Medico-Legal assessments are an integral part of personal injury claims. A medical report is used as medical evidence to decide the impact the injury has on the injured person. The content in a medico-legal report has a direct impact on how much a personal injury claim is worth. If you have been requested to attend a medico-legal assessment, please read this before you attend.
Table of Contents
- What is a medico-legal assessment?
- Medico-legal report meaning in compensation claims
- Medical-legal report vs. GP report
- Medico-legal assessments – Don’t be the tough guy
- Medico-legal assessments – Stick to the facts
- Medico-legal assessments – Take it seriously
- Medico-legal assessments – Be cooperative
What is Medico-Legal Assessment?
A medico-legal assessment is a one off assessment by a doctor for the purpose of your workers compensation claim. It is for the purpose of preparing a medical report, the doctor completing the report ordinarily will not undertake any treatment.
Medico-Legal assessments are called many different names, including:
- Independent Medical Examinations (IME);
- Medical-legal assessments; or
- personal injury medical examinations
Medico-legal examinations are often requested by your lawyer, the insurer, or the insurer’s lawyers for the purpose of your ongoing injury compensation claim. This assessment is usually conducted by a medical legal doctor (i.e, medico-legal doctor), or other medico-legal experts. These doctors are often known as workers’ compensation doctors, AMS doctors, or accident injury doctors. Unlike your GP or your treating doctor, medical-legal doctors are often not of your choice. They are chosen by the lawyers or the insurance company to assess your level of disability or impairment ratings.
Medico-Legal Report Meaning in Compensation Claims
A medico legal report in a personal injury claim is a comprehensive medical report requested so that a party to a dispute can obtain expert evidence from a doctor, as an expert witness, as to the nature and extent of a person’s personal injury.
As an expert witness, the District Court consolidated practice directions state that the doctor conducting the medico legal review is not an advocate for a party. An expert witness’s paramount duty is a duty to the Court and not to the person retaining the expert.
Insurers, such as workers compensation insurers and motor vehicle insurers (such as the Insurance Commission of WA) will usually obtain medico legal reports to improve their case by showing:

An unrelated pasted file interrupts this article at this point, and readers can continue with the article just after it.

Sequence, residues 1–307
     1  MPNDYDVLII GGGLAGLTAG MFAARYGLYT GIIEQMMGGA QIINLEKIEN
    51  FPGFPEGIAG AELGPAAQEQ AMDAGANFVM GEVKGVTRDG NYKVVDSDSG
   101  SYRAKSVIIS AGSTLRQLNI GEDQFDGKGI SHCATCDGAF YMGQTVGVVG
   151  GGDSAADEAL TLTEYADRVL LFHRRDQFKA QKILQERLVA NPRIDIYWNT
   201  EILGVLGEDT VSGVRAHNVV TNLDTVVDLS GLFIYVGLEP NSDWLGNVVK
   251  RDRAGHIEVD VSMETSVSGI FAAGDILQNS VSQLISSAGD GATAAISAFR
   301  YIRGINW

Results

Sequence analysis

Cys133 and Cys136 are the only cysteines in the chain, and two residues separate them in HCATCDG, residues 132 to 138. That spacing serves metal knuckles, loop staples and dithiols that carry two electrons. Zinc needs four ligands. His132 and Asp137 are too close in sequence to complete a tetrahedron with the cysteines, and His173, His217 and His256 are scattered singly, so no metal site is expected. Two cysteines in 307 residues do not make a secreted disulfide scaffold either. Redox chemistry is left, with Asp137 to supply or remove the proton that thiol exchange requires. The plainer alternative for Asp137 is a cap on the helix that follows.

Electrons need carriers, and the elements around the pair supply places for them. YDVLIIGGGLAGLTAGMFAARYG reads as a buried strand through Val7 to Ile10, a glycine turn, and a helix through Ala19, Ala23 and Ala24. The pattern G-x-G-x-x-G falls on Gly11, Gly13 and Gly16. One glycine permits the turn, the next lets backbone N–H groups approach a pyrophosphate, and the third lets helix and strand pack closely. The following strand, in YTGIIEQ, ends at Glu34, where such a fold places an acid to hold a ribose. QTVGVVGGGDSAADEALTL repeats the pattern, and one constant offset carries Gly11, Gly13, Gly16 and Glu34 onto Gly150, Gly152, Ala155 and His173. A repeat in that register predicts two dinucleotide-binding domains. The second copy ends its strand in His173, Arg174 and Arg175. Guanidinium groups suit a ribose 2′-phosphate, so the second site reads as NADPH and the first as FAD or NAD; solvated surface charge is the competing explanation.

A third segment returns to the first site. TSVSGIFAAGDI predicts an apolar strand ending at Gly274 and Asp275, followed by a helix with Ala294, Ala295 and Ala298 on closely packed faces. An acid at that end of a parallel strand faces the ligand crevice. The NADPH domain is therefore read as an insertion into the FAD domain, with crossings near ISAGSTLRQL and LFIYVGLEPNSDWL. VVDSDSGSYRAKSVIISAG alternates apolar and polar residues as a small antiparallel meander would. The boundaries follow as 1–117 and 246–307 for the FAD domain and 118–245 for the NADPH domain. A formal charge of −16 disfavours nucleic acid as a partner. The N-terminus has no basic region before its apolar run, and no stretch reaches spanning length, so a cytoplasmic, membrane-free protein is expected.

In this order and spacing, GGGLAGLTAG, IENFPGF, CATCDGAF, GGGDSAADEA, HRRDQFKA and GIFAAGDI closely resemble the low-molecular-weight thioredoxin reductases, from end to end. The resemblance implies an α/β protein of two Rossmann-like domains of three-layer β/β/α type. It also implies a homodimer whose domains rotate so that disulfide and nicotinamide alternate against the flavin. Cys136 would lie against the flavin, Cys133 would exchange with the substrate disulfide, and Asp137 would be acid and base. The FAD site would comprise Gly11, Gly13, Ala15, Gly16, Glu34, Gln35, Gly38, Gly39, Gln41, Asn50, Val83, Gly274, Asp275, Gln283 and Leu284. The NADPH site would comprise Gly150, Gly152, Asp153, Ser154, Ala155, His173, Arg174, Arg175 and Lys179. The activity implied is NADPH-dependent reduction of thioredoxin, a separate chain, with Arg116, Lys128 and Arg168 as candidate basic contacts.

- The injured person’s condition has recovered;
- The injured person’s condition is due to something else such as a disease they had before (e.g. natural degeneration of the body or arthritis) and not due to the accident;
- That the injured person is not telling the truth about the extent of their condition.
Compensation Lawyers who act for injured people will very often pay for medico-legal reports helping the injured person to prove their case and show that their injury happened due to an accident or incident (such as car crash claims or work injury claims) and the extent of their injury.
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Your lawyer will take you through this arrangement in more detail including any terms and conditions in your obligation free first initial consultation.
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Medical-Legal Report Vs. GP Reports
Medical legal reports from expert witness doctors and GP reports can both be used as medical evidence in personal injury claims. Insurers use medical legal assessments to plan the way they approach a personal injury claim. Insurers will use the information in a medical legal assessment to determine:
- What benefits are likely to become payable in your case (e.g. extent of medical expenses and time off work);
- How much they should pay to settle your case;
- Is there any further treatment required; and
- Is it the right time to consider the overall settlement of your claim.
Medical legal reports contain information that impacts your injury compensation payout amount. The medical legal doctors chosen by the insurance company and their lawyers may not agree with your chosen doctor. The reports provide significantly more detail than General Practitioner Progress Medical Certificates.
If there is a dispute between your General Practitioner’s report and the medical legal assessment report, a judge or WorkCover Arbitrator will consider both your doctor’s medical report and the report from a medico-legal doctor and then make a decision about your claim. It is important to make sure you do the right things at all medico-legal exams. Mistakes can get your compensation payout amount reduced.
Foyle Legal works with injured people on accident injury claims. In this work, they have witnessed lots of mistakes that injured people make with medico-legal exams. Here is a list of common mistakes to avoid when dealing with medical evidence in a personal injury claim:
- Failure to report to a doctor soon enough
- Failure to report all your injuries
- Failure to attend medical appointments on a regular basis
- Failure to truthfully report the severity of the injuries suffered
- Failure to cooperate with a medical doctor
- Failure to follow doctor’s advice
Don’t be THE TOUGH GUY
No one wants to seem weak and be seen as a complainer, a whiner or a wimp. However, medico-legal assessments are not the time to play the tough guy. If you are attending a medical-legal doctor, it is important to speak up so that your injuries are properly understood. Remember, medico-legal assessments are a form of independent medical examination. The doctor doesn’t know you. If you play the tough guy, they just assume you are fine and no further treatment is required.